Aug 12, 2013

The debaters’ verdict: Rudd the winner, debating the loser

Australia's world-beating debaters reckon Kevin Rudd got the better of Tony Abbott last night. But they're both get pummelled by the uni students, writes Crikey election reporter Sally Whyte.

Kevin Rudd debate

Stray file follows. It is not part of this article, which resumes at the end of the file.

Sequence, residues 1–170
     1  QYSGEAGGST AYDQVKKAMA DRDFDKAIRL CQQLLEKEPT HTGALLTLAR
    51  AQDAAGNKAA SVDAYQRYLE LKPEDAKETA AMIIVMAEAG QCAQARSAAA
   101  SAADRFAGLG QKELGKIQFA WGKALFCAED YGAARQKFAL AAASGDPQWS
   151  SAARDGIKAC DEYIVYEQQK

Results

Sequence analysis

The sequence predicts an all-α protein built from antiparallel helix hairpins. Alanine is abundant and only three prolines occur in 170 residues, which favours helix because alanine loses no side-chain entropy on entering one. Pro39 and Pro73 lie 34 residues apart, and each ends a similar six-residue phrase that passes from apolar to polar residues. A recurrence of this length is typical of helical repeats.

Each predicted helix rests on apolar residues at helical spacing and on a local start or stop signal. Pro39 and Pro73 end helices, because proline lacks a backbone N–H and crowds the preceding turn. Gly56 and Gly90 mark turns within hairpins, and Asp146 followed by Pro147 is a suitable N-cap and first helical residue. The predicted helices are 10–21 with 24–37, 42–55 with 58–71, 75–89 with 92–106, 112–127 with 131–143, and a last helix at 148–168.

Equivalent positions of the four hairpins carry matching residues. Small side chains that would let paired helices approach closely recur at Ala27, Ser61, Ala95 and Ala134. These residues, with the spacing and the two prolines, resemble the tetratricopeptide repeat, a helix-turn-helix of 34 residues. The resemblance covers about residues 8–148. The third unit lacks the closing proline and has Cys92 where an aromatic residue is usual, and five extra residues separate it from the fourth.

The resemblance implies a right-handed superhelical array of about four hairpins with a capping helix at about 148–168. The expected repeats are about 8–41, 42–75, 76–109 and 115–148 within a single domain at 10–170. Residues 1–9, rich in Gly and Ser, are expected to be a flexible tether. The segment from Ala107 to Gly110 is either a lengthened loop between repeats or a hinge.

Citing a static format and "creepy" hand gestures, Australia's debating experts were unimpressed by last night's leaders' debate between Prime Minister Kevin Rudd and Opposition Leader Tony Abbott. Chris Hibbard, president of the Australian Debating Federation, says the format itself is "such a contrived structure that it is completely unlike that which could be described as a debate," and that "every aspect of structure seemed to be designed to impede any actual debate". On their debating style, Hibbard says the Prime Minister claimed victory, but only "very, very slightly". Hibbard, having just resided over the National Schools Debating Championship, believes that if they came up against school-age debaters they would find stiff competition. "Even the weakest debates there were so much more able to construct an argument and interact with each other than either Kevin Rudd or Tony Abbott were last night." Stephen Moore is president of the Monash University Association of Debaters, the reigning world champions. Moore and his teammates called Rudd the winner, but debating itself the overall loser. "Unfortunately we'd have to say that debating was not the winner tonight, with the canned responses and short speaking times harming ideas from developing. As for the speakers, we'd credit the PM for having more substantive material in the debate and developing his ideas further. However, from a presentation perspective, he was outshone by Mr Abbott's more engaging manner and more controlled limbs," he said. Wayne Jocic, former president of the Debaters Association of Victoria, also gives Rudd the win. "On presentation, Abbott won the debate. His manner was more natural and hence more appealing. This manifested itself in a slower pacing and more convincing tone, and in more natural gesture and eye contact. On the questions of substantive argument, though, Rudd was superior." According to Hibbard, Rudd's debating style was strong. "He was able to respond to questions reasonably well, but little things like [using notes] didn't really help him, his own style was fine". On Abbott's performance, Hibbard says the combination of speaking slowly and "strange finger-wagging" was "frankly, a bit creepy". Jocic was more positive on Abbott's debating style: "His body language was open and expressive, and this was coupled with thoughtful pauses and a sense of authenticity. This, however, was insufficient to counter his inability to deal with vital questions, in particular regarding budgeting." The leaders had different strategies when it came to engaging with the audience, to Rudd's advantage, says Hibbard. "Kevin Rudd directed his entire speech to the camera, whereas Tony Abbott spent at least the early part of the debate trying to engage the audience in the room as well. I think this gave Kevin Rudd a very slight advantage in terms of engaging with the TV audience. Ultimately, the audience in the room was not really participating in the debate," he said. The use of hand gestures and posture was a differentiating factor in the debate. According to Jocic: "Abbott's gesture was generally natural and open. Rudd, by contrast, seemed somehow mechanical, particularly in his opening speech, where unnatural fisting motions and repeated, menacing finger-pointing prevailed. The effect of this difference was that Abbott seemed engaged in conversation, whereas Rudd was lecturing, and doing so awkwardly." The leaders are fortunate they don't have to face up to Moore and his world-class debating teammates at Monash though. "We couldn't help but admire both speakers' love of pushing timing of their speeches and trying to sneak in as much as possible after the chime," Moore said. "Combined with this, their unparalleled ability to use rhetorical flourishes to cover a lack of actual response means they'd both be very welcome members of our club. However, unfortunately, should they come up against us in a debate, our speakers' tendency to actually respond to the topic presented means we may just edge over them."